Though these two Greek colonies are now part of history but their rivalries are still alive among cultures, intellectuals and among ordinary people. For thousands of years, the Philosophical notion was that “self” is something apart from body and life was mostly tied to the self. The body is what “self” was owned and it is what evident in our everyday usage of language like “My body”, My leg, my arm, my eyes and similarly my car, my phone, my shirt, my shoes and so on. This notion might be still intellectually very alive but some rival voices can be heard like those of Dr. Kimerer Lamothe, a Harvard Professor and the author of “What a Body Knows; finding wisdom in desire” that is using the term, “Bodily- self” to counter the traditional concept of “self”. Kimerer believes that to be more alive, one needs not to focus on the external stimuli but to listen to the wisdom of body. Though this is not as intense as those of Sybarites but it represents the majority of American concept of life, “Fun-centered life style”. It would not a wrong analogy if we consider, USA as modern representative of Sybarites. On other hand we need an analogy for Croton and I think Iranians, though are not a perfect one but is a good analogy of ancient Croton (Of course, Iranian do not have modern equivalent military strength of Croton but they are a good analogy in terms of life style). So somewhat we can say that the rivalry of Sybaris and Croton over life styles is still alive.
Coming back to our question, what does it mean to be alive? Imagine that someone is in coma ( his all senses are alive but the brain is unconscious), do you think, he will feel more alive, if we take him out to the soft spring breeze, to singing of birds, to voice of flowing water, to colors of butterflies dancing over flowers? Now look to other side of coin, consider a person with physical impairment like being deaf, dumb, blind or any other senses that have lost functionality, would he be more alive if we take him out?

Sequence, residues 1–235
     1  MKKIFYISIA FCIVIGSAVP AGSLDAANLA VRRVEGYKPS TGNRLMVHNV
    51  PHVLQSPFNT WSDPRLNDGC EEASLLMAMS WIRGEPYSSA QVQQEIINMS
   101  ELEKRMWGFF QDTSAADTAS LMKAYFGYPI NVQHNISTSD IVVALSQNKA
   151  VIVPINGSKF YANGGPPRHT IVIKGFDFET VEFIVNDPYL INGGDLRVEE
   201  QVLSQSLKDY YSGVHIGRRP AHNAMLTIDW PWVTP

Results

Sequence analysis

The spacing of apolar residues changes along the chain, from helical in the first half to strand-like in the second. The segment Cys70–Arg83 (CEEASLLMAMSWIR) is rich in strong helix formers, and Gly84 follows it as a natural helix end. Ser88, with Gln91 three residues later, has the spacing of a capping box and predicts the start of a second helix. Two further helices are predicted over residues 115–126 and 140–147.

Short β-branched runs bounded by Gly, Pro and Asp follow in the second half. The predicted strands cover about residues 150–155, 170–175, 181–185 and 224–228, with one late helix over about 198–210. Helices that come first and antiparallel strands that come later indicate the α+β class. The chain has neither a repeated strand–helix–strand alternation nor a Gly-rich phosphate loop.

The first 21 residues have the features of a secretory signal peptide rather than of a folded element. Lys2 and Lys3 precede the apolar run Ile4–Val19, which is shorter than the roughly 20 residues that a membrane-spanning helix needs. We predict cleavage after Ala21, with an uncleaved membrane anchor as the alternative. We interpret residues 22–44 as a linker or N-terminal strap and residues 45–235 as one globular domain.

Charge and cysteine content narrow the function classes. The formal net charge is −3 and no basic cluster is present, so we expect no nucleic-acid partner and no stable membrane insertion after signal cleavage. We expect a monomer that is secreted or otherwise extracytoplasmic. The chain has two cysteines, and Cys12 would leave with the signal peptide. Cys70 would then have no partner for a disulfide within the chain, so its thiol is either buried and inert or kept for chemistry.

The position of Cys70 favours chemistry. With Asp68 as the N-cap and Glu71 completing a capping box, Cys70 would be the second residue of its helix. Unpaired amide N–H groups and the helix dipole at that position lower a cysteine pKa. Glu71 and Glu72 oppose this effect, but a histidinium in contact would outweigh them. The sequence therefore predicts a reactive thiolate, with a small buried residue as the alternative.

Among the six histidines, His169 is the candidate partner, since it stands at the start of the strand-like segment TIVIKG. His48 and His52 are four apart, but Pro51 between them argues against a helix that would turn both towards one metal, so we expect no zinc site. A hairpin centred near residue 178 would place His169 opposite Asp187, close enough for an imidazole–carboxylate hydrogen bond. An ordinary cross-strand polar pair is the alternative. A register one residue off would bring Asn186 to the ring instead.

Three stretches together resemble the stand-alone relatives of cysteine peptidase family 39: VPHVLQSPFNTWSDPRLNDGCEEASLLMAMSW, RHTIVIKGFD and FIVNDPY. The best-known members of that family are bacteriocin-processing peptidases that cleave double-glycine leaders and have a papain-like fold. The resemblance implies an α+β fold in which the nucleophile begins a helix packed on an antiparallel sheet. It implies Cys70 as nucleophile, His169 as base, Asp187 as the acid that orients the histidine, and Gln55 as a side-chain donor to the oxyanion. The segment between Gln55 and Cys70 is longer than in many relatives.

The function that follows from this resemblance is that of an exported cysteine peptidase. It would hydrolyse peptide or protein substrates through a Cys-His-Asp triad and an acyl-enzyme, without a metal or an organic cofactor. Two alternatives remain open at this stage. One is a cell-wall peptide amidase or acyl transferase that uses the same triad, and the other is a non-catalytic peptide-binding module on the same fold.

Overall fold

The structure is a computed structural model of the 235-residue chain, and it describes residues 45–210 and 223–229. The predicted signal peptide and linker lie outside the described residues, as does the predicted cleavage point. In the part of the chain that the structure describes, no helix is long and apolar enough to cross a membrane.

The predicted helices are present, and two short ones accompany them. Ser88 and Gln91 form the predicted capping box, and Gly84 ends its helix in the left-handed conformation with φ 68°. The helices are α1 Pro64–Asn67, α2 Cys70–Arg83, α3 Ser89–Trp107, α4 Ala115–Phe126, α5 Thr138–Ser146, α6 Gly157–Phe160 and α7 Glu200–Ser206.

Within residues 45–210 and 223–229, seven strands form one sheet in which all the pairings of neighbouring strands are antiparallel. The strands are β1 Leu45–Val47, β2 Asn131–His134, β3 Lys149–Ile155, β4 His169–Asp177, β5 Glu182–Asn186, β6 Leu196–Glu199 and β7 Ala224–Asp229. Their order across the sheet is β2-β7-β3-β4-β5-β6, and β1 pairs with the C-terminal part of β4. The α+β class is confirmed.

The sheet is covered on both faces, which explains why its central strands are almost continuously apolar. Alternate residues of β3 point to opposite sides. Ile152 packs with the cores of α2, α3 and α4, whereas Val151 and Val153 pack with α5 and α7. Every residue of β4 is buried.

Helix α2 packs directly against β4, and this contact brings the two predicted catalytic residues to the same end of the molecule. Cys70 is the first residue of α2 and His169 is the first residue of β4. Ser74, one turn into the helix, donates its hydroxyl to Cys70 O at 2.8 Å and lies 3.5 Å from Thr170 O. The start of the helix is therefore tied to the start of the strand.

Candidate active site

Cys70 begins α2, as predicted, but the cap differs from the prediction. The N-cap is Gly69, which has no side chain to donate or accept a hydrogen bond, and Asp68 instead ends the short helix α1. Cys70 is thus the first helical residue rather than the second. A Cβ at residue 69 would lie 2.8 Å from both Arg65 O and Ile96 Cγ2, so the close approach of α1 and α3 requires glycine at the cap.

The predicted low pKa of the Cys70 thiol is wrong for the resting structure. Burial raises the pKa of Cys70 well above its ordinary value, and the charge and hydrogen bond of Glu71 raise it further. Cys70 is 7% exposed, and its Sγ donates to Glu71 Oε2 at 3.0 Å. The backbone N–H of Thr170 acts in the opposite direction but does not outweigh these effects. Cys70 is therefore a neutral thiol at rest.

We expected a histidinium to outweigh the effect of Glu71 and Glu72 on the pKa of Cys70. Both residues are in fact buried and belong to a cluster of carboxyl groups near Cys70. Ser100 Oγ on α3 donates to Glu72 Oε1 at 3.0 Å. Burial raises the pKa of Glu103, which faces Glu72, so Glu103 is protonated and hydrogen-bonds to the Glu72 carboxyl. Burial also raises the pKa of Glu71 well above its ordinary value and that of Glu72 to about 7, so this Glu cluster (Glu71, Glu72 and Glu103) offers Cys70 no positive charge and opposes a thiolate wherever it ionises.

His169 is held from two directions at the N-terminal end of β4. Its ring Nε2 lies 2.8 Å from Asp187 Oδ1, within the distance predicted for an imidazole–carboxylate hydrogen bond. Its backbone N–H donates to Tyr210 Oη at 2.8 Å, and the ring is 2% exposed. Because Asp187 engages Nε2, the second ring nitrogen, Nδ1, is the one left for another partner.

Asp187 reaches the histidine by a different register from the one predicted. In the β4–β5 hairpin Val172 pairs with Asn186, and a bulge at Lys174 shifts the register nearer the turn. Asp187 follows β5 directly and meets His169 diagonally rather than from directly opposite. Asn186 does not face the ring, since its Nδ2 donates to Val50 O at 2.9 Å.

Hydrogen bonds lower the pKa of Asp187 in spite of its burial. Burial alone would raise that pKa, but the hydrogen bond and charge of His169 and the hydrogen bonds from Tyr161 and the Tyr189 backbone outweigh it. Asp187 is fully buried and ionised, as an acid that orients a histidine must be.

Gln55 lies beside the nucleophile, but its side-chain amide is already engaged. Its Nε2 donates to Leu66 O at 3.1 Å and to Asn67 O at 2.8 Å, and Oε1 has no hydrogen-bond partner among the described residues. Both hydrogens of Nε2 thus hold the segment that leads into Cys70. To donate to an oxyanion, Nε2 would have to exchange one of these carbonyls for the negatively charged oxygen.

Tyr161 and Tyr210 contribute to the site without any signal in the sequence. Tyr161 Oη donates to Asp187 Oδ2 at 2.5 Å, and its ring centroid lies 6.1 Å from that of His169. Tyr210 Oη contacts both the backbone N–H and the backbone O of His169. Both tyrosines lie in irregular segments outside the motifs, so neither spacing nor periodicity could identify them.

Let’s take another example, Say, you are entering a restaurant with exotic foods that you have never tried before, wouldn’t you feel the aroma, tastes and texture or look with intensity? It is what break, means to senses. The same is true for mental activity. Wouldn’t you need some time to digest if you have an engaging dream? What about an engaging movie, music or story? I read with full excitement the “Alchemist” of Coelho Paulo that it was hard me to allow myself to go to bed without finishing it though my eyes were badly burning. The same is true about the Korean Dramas like those of “Jumong”, “Jewel in the Palace” and so on that sometimes, I miss, not watching like Korean dramas.
What is the conclusion of all these discussion? My conclusion, though it is still an open ending one is that being alive means living in duality of “self” and “bodily-self” with the knowledge that “bodily-self” has a serious finitudes and “self” has infinite dimensions. But at the same time realizing that infinity of “self” depends on “finitudes” of “bodily-self” and it is why we see the instability of digital reality or plugged in life in both movies, “Matrix” and “Avatar”. We can’t ignore our bodies and at the same time we can’t afford missing the freedom and infinity of the mental life. We have to keep them fresh by regular breaks :) ……..